Coordination for the City’s rehabilitation is said to be led by ADB and the World Bank. I don’t know what their terms of reference as lead coordinators entail but I’m sure Filipinos prefer to have a national body or institution in the lead. Marawi City is not just a city, it’s a heritage city (as Aleppo is in the Muslim world). For this reason alone, the City’s rehabilitation should be fronted by insiders. Planning and actual rehabilitation should involve or integrate input from City residents especially the Moro people. In fact, visioning exercises can already start now with the temporarily-displaced inside evacuation centers in Iligan City and elsewhere, for them to also get their minds off despair and on productive and hopeful thoughts. Peace-building could be embedded as a strategy into the rehabilitation which should bring to the table the GOP, MNLF, MILF, civil society, private sector, and urban planning experts. This project could be implemented as a pilot project to test the operational workability of the Bangsamoro Basic Law (rather than have Congress again bore citizens to death by arguing theoretically whether or not BBL works).
On Headstart, in June, I watched the interview with Senator Gordon about the plan to rebuild Marawi City. He said that a tourism hub is what comes to his mind. This is the thing, whether or not Marawi will become a tourism city should be an offshoot of the planning process with City residents not what politicians want. Says who? you might ask. Says lessons learned.
I’m really excited for the rebuilding of Marawi City. When I told my host organization I’m interested to take part in it, they exclaimed “are you planning on committing suicide?” I didn’t expect the reaction. But my primary motive is, I’d like to put my urban management knowledge into practice, to help ensure that the foundation of the rehab plan is anchored on input from locals/residents. It’d be similar to an architect or interior designer getting the clients’ vision of their dream house and giving expert suggestions as to the best way to put the dream together and then render that on paper and eventually onto the actual space. In other words, to transpose this creative process – collab – in planning the new Marawi City (in contrast with the usual practice of urban planning in this country which is developer-led or largely the playground of real estate developers which does nothing to bridge the gaping divide between the haves and have-nots of this country).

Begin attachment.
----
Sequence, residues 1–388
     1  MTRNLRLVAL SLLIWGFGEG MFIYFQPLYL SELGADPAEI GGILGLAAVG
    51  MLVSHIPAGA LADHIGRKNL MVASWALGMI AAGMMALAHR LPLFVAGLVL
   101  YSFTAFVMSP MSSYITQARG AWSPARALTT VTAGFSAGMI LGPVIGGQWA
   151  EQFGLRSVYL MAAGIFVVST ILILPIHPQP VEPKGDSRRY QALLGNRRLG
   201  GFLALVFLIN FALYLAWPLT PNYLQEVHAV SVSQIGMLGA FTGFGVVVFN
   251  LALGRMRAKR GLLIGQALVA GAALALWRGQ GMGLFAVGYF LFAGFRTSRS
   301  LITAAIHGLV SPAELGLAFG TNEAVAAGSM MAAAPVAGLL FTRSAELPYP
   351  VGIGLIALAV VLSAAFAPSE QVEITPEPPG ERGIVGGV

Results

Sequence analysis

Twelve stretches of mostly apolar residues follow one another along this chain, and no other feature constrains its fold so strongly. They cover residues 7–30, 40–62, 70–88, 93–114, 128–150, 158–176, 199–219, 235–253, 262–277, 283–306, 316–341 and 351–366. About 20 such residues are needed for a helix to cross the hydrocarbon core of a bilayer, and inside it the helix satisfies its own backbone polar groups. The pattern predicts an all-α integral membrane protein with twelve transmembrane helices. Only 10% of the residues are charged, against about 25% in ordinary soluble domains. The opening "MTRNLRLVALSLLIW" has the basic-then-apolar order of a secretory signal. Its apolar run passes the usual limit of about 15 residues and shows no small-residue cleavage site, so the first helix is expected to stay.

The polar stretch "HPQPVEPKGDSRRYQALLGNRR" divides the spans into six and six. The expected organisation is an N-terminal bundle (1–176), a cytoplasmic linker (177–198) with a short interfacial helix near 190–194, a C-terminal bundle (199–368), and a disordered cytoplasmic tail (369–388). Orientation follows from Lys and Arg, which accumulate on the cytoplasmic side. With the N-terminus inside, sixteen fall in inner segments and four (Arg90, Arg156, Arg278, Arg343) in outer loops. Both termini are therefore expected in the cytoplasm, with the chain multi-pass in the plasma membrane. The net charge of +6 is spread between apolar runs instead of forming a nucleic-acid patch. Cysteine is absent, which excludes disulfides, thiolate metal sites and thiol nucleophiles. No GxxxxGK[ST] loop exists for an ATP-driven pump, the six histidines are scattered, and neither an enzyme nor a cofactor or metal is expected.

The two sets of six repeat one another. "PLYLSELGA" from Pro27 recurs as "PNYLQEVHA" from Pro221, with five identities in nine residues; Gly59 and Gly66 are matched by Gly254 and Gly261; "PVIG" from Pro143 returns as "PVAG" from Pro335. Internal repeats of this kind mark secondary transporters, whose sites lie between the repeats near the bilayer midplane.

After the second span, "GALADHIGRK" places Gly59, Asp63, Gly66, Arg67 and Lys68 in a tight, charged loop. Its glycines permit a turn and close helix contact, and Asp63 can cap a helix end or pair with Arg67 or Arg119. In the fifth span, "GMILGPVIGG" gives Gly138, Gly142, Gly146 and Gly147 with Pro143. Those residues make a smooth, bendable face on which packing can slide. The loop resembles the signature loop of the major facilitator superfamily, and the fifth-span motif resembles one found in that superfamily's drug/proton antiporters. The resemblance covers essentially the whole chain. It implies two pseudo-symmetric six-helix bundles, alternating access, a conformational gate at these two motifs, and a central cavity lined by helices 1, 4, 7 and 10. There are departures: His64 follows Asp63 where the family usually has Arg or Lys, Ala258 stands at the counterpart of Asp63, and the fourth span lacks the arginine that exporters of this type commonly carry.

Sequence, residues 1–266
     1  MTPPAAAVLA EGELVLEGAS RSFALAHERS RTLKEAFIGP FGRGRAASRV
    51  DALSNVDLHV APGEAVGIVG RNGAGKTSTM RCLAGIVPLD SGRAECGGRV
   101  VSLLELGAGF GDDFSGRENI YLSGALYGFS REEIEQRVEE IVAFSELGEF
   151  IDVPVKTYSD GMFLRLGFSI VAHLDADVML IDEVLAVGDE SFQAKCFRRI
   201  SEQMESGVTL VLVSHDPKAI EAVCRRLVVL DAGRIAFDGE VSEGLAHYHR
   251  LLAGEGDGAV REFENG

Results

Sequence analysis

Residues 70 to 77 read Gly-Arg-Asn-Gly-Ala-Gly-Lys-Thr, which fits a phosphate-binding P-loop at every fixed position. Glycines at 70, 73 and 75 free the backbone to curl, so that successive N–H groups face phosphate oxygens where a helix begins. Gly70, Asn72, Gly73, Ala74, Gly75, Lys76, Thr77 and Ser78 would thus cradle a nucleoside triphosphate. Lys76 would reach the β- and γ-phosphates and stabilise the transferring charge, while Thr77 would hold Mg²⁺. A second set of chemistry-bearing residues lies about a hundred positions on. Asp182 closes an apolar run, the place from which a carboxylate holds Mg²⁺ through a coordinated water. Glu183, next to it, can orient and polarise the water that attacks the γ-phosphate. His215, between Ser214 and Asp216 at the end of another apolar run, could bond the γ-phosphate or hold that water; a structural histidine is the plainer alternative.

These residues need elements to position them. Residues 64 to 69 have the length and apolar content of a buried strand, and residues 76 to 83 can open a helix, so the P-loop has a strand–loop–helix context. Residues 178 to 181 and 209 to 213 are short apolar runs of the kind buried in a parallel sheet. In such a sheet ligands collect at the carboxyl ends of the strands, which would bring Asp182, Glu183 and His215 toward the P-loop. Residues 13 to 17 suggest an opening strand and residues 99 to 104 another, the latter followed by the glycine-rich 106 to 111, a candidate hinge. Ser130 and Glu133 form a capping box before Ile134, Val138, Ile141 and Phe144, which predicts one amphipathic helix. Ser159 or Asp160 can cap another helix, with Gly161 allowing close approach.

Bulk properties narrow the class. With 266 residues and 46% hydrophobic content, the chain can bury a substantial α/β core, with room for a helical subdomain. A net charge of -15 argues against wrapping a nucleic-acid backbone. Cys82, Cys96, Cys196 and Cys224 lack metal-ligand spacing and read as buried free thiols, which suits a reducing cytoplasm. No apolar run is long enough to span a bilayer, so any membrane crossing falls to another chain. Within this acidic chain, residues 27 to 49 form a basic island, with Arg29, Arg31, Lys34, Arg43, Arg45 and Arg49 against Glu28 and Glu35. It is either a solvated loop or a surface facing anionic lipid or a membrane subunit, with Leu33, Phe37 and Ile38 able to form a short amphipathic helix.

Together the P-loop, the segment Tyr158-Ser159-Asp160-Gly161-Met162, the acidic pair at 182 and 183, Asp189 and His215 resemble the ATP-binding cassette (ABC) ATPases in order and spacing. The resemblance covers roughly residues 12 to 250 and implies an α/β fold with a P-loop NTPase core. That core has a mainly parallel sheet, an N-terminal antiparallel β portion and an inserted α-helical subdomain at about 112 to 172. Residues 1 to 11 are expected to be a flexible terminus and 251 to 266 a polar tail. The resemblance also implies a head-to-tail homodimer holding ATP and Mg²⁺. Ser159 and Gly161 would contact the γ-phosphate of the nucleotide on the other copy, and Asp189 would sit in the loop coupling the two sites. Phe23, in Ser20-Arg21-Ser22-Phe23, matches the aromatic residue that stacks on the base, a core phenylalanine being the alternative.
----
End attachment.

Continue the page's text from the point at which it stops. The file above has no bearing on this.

It is said “war in Mindanao is a business” the reason why conflict is sustained which benefits the architects and actors of such a business. It is also the reason why Mindanaoans in general are wary and distrusting of external initiatives that promise peace and stability. Sincerity is needed, for once, and the opportunity to demonstrate that has presented itself once again this time in Marawi City. Let’s not lose it (like we did with Tacloban City post-Haiyan).